International Identity Day: The need for Inclusion by Design

September 16 is International Identity Day – a commemoration of the UN Sustainable Development Goal 16.9 which calls for the provision of legal identity for all by 2030.

On this day, you will see many corporations calling out their progress in Diversity, Equity, and Inclusion (DEI). These include their DEI mission statement, the number of Employee Resource Groups they have, the increase in diversity percentages they are aiming for in the near future and other such commitment metrics. Entrust could easily highlight all these initiatives as well. But while these efforts are extremely important, should be tracked, measured, and improved upon and is somewhat linked to the notion of “identity” – is that really the most important aspect of this day?

DevOps Experience 2022

Around the world, according to McKinsey & Company, nearly one billion people have no form of legal ID. That means they have no birth certificate, driver’s license, National ID, or passport – no legal way to interact with their own government for services or aid. Without legal identification, millions are potentially denied access to education, financial services, health care, the recognized labor market, or even the ability to secure property. Nearly 1 in every 8 people do not legally exist in today’s world.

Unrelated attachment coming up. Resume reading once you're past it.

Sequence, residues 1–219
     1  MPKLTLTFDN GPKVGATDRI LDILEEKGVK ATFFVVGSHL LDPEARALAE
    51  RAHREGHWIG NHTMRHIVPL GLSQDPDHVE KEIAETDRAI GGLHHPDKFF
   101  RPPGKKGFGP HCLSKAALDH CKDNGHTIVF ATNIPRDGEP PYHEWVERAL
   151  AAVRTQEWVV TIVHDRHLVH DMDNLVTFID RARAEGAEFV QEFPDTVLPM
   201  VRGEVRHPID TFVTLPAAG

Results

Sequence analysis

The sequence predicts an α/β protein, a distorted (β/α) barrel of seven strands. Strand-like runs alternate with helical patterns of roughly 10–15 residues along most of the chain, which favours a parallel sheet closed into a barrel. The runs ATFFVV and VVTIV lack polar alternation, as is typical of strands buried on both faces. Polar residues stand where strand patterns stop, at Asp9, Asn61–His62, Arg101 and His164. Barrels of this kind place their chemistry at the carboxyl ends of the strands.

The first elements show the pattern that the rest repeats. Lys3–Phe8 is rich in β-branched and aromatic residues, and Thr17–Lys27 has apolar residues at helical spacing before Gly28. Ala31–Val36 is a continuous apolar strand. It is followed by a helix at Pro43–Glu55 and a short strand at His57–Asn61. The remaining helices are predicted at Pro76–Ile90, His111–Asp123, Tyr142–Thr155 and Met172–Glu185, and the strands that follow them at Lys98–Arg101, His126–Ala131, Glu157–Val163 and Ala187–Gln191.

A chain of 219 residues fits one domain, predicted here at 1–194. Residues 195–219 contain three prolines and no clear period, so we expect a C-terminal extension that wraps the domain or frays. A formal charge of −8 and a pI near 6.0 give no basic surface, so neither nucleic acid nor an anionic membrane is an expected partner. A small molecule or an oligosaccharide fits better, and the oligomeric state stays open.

The Role of Government

Governments, the issuers of identity documents, have a large role to play to resolve this global inequality. Accessibility for all government services requires that one be recognized and validated as a citizen – which is not as easy as it might seem. Geographic expanse, differences in socio-economic rates within the population, aging infrastructure, lack of resources, political impacts and competing budgetary priorities can all pose a hinderance to any identity issuance initiative for a government. Multiple forms of identity for every citizen can be very complicated to manage as well.

Recently governments have been looking towards digital identity to help solve some of these challenging issues. A number of countries that have either implemented digital identity systems or are working towards that goal including EstoniaGermany, the U.K., Canada, Australia, the EU, and many more.